The teen birth rate is trending upward after more than a decade of steady decline.

Although still below the rate in 2000, the teen birth rate increased from 40 to 42 births per 1,000 females ages 15-19 between 2005 and 2006.

The latest increase was widespread, with the teen birth rate going up in 42 states. Looking across all well-being indicators, New Hampshire, Minnesota, and Utah rank highest, and Alabama, Louisiana, and Mississippi rank the lowest.

Five states with the biggest improvement in their rankings between 1999-2000 and 2006-07 are New York, Connecticut, Maryland, North Carolina, and Illinois.

The six states with the biggest drops in their rankings during this same period are Montana, Maine, Alaska, Pennsylvania, South Dakota, and Vermont.

This year's Data Book is complemented by a new online and mobile-friendly Data Center (datacenter.kidscount.org) that contains hundreds of measures of child well-being covering national, state, county, and city information.

Users can now access geographic profiles that include information on education, economic well-being, the number of children in immigrant families, health, and many more topics.

"Access to timely and easily understood data can lead to better-informed policies, more focused programming, and more efficient use of taxpayer dollars," declares Patrick McCarthy, senior vice president of the Casey Foundation.

"Despite the temptations to cut back on government-financed systems during hard economic times, the investment in better-used data can deliver a potentially immense payoff in reduced waste and improved results for children." The essay makes the case that child outcomes could be vastly improved through better use of information and technology.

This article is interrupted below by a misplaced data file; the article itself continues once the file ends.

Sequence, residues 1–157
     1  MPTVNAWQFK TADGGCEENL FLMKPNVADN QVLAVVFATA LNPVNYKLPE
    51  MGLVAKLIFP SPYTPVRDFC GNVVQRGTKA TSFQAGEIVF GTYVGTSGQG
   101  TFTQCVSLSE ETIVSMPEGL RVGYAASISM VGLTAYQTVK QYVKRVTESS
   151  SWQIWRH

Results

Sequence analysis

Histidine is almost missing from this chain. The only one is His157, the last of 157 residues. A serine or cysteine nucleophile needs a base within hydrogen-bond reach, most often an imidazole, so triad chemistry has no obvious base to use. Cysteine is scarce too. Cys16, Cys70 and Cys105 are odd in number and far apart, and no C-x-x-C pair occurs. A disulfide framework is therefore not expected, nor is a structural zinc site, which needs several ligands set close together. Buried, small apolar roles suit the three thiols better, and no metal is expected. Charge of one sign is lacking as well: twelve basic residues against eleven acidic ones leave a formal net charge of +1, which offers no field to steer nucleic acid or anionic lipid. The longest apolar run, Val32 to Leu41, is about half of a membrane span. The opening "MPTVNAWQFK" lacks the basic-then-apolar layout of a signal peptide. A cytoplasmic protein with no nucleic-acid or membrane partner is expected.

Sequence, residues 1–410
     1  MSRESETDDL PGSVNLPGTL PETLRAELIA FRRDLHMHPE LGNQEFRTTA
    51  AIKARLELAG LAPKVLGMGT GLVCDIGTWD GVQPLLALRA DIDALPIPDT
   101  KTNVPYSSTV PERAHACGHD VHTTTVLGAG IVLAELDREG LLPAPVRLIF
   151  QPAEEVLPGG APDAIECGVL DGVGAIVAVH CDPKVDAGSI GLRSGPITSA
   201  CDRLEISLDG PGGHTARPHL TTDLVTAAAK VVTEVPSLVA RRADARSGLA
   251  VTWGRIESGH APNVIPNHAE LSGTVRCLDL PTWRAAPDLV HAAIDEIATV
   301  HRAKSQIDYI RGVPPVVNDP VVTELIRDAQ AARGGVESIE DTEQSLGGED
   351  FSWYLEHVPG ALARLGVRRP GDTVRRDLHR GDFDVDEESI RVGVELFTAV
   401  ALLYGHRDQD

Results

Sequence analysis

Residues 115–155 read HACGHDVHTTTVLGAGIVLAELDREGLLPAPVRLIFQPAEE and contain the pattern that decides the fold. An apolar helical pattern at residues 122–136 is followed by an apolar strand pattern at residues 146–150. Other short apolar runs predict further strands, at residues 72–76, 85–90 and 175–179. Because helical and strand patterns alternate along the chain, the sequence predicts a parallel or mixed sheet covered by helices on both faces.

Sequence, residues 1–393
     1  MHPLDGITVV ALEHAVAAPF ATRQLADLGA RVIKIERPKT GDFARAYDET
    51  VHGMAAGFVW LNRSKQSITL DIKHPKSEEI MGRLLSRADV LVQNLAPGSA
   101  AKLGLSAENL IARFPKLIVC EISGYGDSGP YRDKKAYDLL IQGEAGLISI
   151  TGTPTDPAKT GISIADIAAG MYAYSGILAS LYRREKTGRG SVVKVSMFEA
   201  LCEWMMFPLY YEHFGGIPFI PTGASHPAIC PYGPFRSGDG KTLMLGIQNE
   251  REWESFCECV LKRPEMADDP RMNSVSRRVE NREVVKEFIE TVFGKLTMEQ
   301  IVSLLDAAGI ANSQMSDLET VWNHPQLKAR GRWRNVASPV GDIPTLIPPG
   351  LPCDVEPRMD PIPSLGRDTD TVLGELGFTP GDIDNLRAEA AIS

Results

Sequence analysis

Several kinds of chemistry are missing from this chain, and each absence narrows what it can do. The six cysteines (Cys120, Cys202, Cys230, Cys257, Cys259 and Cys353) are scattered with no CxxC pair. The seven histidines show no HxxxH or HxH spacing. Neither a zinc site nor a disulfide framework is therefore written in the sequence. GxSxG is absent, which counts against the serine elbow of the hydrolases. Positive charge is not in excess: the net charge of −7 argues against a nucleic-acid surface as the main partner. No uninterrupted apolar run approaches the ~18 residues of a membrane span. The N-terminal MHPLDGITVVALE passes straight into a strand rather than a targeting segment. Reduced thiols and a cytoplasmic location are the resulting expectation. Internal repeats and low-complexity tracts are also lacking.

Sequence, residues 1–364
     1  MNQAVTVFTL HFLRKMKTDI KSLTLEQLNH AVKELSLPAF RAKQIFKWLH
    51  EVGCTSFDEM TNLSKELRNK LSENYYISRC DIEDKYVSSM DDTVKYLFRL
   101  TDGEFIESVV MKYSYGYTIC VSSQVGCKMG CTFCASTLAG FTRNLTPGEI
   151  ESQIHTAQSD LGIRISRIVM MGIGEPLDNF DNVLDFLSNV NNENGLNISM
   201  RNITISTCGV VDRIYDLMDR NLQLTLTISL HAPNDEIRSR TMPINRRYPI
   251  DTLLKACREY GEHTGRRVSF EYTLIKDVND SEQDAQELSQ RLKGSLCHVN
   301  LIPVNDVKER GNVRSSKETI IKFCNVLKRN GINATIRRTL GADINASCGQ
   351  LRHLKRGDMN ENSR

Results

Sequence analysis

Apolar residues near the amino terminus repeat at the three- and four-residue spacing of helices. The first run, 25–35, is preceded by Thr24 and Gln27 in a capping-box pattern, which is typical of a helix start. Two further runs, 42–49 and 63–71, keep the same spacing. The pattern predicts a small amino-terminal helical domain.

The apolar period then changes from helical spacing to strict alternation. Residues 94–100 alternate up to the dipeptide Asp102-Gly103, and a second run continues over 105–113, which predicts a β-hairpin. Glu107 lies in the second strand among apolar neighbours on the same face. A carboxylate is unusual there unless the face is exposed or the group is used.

In addition, rigorous data analyses can help authorities understand and begin eliminating the racial disparities in the public systems that serve minority groups and the poor.

Casey calls on federal leaders, state and local decision makers, and children's advocates to transform how they use data to improve the lives of vulnerable children:

Leadership at the federal level by developing high-quality data systems: Key recommendations include fully funding, properly managing, and successfully promoting the 2010 Census; updating the U.S. poverty measure; increasing data collection on child and family well-being; and addressing problems in the Vital Records System.

Commitment at the state and local level by improving performance measurement:

Steps that can be taken include stronger administrative databases, improved data analysis, promotion of data-driven practice improvements, and the expansion of the use of new information technologies.

Engagement of children's advocates and other concerned leaders: Awareness and mobilization efforts include the use of data-driven advocacy; identifying critical benchmarks; and the use of neighborhood indicators and community mapping. "Better futures for children will not occur simply by combining better data, stronger data analysis, and an increased use of new technology," says Douglas W. Nelson, president and CEO of the Casey Foundation.

"It is time to make a national commitment to counting what counts in order to meet the needs and boost the outcomes for less-fortunate children.

It's time to focus on the evolving needs of the next generation of millions of children whose future well-being is on the line."